Aetna Faces Class-Action Lawsuit for Alleged Mental Health Treatment Discrimination





More and more people are seeking mental health treatment since the beginning of the pandemic. Isolation, job loss and other significant changes to lifestyle have hit many hard, sending them in search of reassurance and assistance. Insurance mega player, Aetna, has recently been served with a class-action lawsuit regarding its acceptance rates for claims related to mental health services. The U.S. District Court in the Central District of California received the claim this week on the grounds that claims for residential services were denied based on a 2008 law regarding mental health parity.

About the Claim



The case stems from events in 2019 in which an Aetna customer enrolled his teenage son into a Utah mental health residential treatment facility. The young man is diagnosed with autism spectrum disorder. Aetna denied the plaintiff's claim. According to the claim, the criteria Aetna uses for claim acceptance eligibility is far more stringent than those accepted by general professional mental health standards. It is alleged that the rationale behind this discrepancy is in order to "minimize the number of claims accepted and thereby maximizing Aetna's own profits," states the lawsuit. The complaint also indicates that, "Aetna treats mental health as less important than mental health."

Aetna's Stance



Aetna defends their decision to deny coverage on the basis that the claim's desired mental health facility does not meet certain policy standards. They say that the center lacks accreditation by a professional organization such as the Committee on Accreditation of Rehabilitation Facilities, the Joint Commission, the Council on Accreditation or the American Osteopathic Association's Healthcare Facilities Accreditation Program.

Another reason Aetna believes the facility fails to meet criteria is due to the fact that it does not have a behavioral health provider on duty seven days a week, 24 hours a day. In addition, this particular facility's patients are treated by a psychiatrist on an as-needed basis, rather than at least once a week as Aetna policy requires. The plaintiff's attorneys responded with the rebuttal that the standards Aetna uses for mental health care do not exist for surgical or physical health benefits. They are advocating against this discrepancy.

The Mental Health Parity and Addiction Equity Act



The basis for the plaintiff's case lies in the contents of legislation known as The Mental Health Parity and Addiction Equity Act of 2008. Their complaint states that Aetna's denial of the plaintiff's claim goes against this legislation and is, therefore, illegal. The Parity Act exists to prohibit insurance providers from discriminating against mental health claims and advocates for equal access to these services. The act lays forth the premise that, if a company offers mental health coverage, it must be "at parity" with other benefits. Basically, this means that insurance companies cannot deny behavioral health, mental health or addictions claims at a higher rate, nor require more stringent standards, than they do medical and surgical benefits.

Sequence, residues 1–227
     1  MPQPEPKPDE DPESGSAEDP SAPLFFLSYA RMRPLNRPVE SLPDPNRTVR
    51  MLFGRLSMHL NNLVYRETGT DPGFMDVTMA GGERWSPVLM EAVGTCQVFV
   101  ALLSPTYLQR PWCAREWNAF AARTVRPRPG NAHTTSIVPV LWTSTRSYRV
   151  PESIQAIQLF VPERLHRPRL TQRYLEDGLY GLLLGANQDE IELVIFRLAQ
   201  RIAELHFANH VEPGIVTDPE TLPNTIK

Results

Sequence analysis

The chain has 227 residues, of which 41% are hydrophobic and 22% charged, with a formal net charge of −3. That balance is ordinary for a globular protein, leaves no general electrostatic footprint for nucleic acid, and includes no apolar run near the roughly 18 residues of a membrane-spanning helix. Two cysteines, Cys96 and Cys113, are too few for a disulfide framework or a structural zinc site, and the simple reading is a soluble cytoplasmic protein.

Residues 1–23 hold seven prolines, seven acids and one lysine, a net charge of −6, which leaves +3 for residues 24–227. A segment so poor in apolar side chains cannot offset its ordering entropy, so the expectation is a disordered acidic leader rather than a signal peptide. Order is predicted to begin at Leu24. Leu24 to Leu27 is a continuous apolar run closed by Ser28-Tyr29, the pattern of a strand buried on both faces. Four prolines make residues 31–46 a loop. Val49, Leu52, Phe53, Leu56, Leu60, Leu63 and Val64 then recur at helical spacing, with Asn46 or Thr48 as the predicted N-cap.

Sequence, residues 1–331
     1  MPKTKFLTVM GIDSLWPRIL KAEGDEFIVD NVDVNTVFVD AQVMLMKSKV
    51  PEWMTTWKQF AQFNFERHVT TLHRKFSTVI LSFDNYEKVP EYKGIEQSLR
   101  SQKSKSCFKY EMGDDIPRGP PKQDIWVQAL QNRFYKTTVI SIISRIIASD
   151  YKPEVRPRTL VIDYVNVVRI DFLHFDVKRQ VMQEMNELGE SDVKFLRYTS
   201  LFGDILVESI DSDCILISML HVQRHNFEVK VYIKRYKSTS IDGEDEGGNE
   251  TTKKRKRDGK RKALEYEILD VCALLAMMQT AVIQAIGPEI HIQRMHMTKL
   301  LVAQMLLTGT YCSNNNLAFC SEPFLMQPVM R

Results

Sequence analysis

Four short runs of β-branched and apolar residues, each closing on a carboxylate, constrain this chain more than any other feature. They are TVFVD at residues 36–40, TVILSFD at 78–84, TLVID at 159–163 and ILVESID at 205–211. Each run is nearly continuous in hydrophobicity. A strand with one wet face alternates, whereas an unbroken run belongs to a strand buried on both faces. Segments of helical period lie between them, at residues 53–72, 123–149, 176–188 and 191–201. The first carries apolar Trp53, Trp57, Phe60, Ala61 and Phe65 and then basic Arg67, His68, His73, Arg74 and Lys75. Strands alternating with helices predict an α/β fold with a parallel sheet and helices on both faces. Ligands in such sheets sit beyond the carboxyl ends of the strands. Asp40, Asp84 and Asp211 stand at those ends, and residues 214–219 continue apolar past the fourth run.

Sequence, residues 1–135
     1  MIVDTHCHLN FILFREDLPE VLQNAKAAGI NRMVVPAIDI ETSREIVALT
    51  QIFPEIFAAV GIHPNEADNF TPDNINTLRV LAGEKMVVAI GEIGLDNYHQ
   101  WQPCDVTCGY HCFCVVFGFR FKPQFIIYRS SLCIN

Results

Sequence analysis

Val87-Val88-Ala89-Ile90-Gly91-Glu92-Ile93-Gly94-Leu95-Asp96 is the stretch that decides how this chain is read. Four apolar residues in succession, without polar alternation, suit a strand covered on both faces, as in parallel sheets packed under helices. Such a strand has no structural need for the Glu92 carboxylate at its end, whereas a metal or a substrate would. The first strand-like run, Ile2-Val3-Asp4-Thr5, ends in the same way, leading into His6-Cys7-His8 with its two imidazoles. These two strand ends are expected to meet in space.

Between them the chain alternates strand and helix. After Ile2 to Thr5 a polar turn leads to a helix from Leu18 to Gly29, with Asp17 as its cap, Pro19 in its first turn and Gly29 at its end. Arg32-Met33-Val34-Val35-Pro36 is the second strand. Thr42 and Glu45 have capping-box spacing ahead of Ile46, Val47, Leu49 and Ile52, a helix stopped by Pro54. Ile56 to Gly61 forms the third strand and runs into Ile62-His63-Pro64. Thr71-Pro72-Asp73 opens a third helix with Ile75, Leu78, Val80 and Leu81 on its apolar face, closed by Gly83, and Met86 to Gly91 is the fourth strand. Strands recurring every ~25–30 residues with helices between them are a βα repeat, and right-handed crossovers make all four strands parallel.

The plaintiff's lawyers in this case assert that Aetna has, indeed, violated the terms of the Mental Health Parity and Addiction Equity Act of 2008. They believe that the company's policy application standards are unbalanced and unfair. They would like Aetna to reprocess the initial claims made by the plaintiff for treatment in the residential mental health facility program.

Potential Ramifications of This Case



Thus far, there is only this one plaintiff involved in the case. However, that plaintiff's legal team believes there is the potential for other Aetna customers who have experienced similar mental health claims denial to be added to the litigation. It is their assertion that a "substantial number" of other Aetna customers have been treated discriminately. A past suit against United Healthcare regarding mental health parity was won, and a large settlement had to be paid by the company. This sets a precedent indicating there is potential for the Aetna case to have a similar outcome.

It would seem that there may be an avenue for others to pursue legal action if they believe they have been wronged by Aetna. According to the law, mental health claims must be decided using standards equal to those of other types of benefits.








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